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1-2-3 Revit: BIM and Cost Estimating, Part 1
2006-08-07 | Author: Rick Rundell

A purpose-built BIM (building information modeling) solution such as Autodesk Revit features a computable BIM: a design model that can be understood by a computer as a building. A wall for example, knows what it is and how to react to the rest of the building. As such, it can be scheduled or quantified as a wall and that it's an assembly made of real materials. Computable BIMs enable firms to create, manage and share design information more effectively. Some previous articles featured examples of the uses of computable building information, including: structural analysis, MEP system modeling, building energy analysis and specification management. This month I begin a two-part series exploring how reliable data held within a computable BIM can be used to support yet another aspect of the building process -- cost estimating...

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AEC from the Ground Up—CAD Data Standards for AEC
2006-08-01 | Author: H. Edward Goldberg

We are now in the third decade of digital AEC design and documentation, enough time for the industry to create or adopt both actual and de facto standards. Among these are standards for raster or bit-mapped images, document compression schemes such as Adobe PDF and Autodesk DWF and vector information used in construction documents. Figure 1. Adobe Acrobat 3D software lets engineering and technical professionals publish and share 3D design information from major CAD applications. In the digital world, the appropriateness of any particular standard is mostly a function of what you want to do with it. As an example, ASCII is perfectly appropriate for representing the English alphabet, but is useless for representing Kanji, Katakana, Cyrillic and other writing systems. A standard called Unicode has been developed to deal with them...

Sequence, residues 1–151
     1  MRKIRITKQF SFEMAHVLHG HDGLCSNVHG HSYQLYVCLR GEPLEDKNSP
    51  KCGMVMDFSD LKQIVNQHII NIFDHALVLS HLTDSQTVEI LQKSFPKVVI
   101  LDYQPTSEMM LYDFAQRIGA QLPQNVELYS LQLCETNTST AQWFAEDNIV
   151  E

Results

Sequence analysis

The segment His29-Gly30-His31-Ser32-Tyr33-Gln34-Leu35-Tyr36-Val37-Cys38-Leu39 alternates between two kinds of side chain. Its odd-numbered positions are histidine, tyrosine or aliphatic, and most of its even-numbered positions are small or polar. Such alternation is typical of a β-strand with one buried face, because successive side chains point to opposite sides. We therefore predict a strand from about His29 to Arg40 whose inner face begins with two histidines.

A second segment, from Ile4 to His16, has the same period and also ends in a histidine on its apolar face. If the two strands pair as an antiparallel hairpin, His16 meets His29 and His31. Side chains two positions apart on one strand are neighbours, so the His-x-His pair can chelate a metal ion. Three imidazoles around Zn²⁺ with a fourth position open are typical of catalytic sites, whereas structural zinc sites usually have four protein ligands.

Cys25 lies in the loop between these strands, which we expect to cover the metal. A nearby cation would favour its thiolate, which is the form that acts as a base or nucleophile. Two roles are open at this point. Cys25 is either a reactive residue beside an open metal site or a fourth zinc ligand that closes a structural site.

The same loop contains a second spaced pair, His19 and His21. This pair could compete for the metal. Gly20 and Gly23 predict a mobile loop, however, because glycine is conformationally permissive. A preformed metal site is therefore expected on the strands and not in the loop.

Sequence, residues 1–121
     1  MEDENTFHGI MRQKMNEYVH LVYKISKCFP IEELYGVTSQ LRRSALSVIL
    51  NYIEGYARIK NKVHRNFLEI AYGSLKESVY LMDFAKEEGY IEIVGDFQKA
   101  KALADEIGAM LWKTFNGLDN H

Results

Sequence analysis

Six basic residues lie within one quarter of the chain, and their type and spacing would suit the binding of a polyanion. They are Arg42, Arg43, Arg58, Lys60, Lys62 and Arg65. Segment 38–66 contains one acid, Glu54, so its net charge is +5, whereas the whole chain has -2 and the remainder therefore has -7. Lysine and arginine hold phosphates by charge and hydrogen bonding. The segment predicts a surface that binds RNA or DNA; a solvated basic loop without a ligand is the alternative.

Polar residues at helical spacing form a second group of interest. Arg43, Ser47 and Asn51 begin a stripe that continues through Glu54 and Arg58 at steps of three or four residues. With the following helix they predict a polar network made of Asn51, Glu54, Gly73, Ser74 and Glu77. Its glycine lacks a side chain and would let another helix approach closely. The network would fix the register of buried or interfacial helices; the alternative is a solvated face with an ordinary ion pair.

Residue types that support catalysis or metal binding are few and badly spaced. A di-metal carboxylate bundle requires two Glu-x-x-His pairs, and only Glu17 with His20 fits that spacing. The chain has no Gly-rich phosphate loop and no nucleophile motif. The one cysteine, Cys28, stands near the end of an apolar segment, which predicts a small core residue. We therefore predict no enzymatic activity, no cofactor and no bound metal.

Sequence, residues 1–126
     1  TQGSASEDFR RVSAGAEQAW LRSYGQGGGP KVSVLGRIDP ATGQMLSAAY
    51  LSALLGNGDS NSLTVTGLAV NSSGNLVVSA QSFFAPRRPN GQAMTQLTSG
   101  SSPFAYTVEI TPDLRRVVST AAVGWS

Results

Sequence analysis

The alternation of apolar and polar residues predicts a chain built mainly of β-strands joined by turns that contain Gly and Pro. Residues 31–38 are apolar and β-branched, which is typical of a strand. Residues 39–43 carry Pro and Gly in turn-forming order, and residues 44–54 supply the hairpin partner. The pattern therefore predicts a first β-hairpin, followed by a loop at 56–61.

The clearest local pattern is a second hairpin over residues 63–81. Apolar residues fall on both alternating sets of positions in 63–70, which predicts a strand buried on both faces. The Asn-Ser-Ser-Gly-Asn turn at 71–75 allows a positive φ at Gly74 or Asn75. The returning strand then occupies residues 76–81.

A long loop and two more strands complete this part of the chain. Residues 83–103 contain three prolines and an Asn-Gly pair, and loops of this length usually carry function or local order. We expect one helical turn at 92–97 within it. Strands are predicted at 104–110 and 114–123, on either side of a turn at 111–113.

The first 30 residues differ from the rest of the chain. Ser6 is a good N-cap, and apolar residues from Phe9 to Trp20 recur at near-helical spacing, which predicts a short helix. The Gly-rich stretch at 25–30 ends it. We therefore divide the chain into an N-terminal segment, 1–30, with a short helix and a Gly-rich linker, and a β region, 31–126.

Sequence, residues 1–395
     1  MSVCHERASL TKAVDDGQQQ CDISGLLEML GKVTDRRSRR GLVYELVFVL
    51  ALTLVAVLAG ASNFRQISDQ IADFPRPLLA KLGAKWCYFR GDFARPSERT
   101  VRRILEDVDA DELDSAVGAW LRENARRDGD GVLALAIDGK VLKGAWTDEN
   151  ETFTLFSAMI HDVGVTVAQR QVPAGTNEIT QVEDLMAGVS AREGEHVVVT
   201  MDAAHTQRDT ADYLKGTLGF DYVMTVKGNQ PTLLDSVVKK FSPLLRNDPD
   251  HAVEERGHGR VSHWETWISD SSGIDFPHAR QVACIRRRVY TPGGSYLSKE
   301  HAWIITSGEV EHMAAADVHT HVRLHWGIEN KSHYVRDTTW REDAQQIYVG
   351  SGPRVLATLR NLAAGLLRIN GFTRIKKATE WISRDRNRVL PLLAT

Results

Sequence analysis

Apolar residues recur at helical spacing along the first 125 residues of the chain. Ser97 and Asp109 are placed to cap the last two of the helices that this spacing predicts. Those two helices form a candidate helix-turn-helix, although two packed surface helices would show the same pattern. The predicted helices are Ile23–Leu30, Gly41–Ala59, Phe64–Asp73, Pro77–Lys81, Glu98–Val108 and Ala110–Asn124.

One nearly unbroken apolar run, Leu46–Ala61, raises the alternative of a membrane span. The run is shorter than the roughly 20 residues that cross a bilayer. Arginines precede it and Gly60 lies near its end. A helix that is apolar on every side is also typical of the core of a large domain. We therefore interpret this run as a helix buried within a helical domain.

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Autodesk Revit Building 9
2006-07-26 | Author: Lachmi Khemlani

Earlier this year, Autodesk's Revit platform officially became a complete BIM solution for supporting collaborative multi-disciplinary building design, with the introduction of Autodesk Revit Systems for MEP engineering. At the same time, Autodesk also released updated versions of its Revit Building and Revit Structure applications for architectural design and structural engineering respectively. Revit can now realize the full potential of BIM in enabling cross-disciplinary collaboration, with architects, structural engineers, and MEP engineers using the same building model and the same modeling tools for building design. AECbytes will review all three products over the course of the coming months, starting with Revit Building 9 in this issue...

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2006 2nd Annual BIM Awards, Part 1
2006-07-13 | Author: Lachmi Khemlani